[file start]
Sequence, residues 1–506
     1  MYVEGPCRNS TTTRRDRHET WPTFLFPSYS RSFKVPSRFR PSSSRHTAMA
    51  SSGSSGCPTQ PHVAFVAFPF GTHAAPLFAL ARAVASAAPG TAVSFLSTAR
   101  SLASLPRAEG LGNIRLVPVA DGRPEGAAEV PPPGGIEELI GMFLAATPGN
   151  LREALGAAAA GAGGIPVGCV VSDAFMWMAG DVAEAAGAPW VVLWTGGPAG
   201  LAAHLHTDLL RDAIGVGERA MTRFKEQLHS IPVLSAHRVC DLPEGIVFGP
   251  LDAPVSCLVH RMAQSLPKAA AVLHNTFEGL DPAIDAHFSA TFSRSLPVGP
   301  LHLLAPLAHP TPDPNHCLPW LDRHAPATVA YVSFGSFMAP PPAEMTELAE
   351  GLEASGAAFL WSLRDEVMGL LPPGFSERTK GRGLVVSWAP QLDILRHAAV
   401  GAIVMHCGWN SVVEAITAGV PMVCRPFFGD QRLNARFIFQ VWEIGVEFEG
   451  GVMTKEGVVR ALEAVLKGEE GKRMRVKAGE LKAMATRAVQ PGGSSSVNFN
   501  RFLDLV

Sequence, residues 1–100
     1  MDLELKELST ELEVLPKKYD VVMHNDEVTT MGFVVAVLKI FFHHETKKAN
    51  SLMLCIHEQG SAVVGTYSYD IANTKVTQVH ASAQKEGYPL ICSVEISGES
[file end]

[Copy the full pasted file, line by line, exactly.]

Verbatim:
Sequence, residues 1–506
     1  MYVEGPCRNS TTTRRDRHET WPTFLFPSYS RSFKVPSRFR PSSSRHTAMA
    51  SSGSSGCPTQ PHVAFVAFPF GTHAAPLFAL ARAVASAAPG TAVSFLSTAR
   101  SLASLPRAEG LGNIRLVPVA DGRPEGAAEV PPPGGIEELI GMFLAATPGN
   151  LREALGAAAA GAGGIPVGCV VSDAFMWMAG DVAEAAGAPW VVLWTGGPAG
   201  LAAHLHTDLL RDAIGVGERA MTRFKEQLHS IPVLSAHRVC DLPEGIVFGP
   251  LDAPVSCLVH RMAQSLPKAA AVLHNTFEGL DPAIDAHFSA TFSRSLPVGP
   301  LHLLAPLAHP TPDPNHCLPW LDRHAPATVA YVSFGSFMAP PPAEMTELAE
   351  GLEASGAAFL WSLRDEVMGL LPPGFSERTK GRGLVVSWAP QLDILRHAAV
   401  GAIVMHCGWN SVVEAITAGV PMVCRPFFGD QRLNARFIFQ VWEIGVEFEG
   451  GVMTKEGVVR ALEAVLKGEE GKRMRVKAGE LKAMATRAVQ PGGSSSVNFN
   501  RFLDLV

Sequence, residues 1–100
     1  MDLELKELST ELEVLPKKYD VVMHNDEVTT MGFVVAVLKI FFHHETKKAN
    51  SLMLCIHEQG SAVVGTYSYD IANTKVTQVH ASAQKEGYPL ICSVEISGES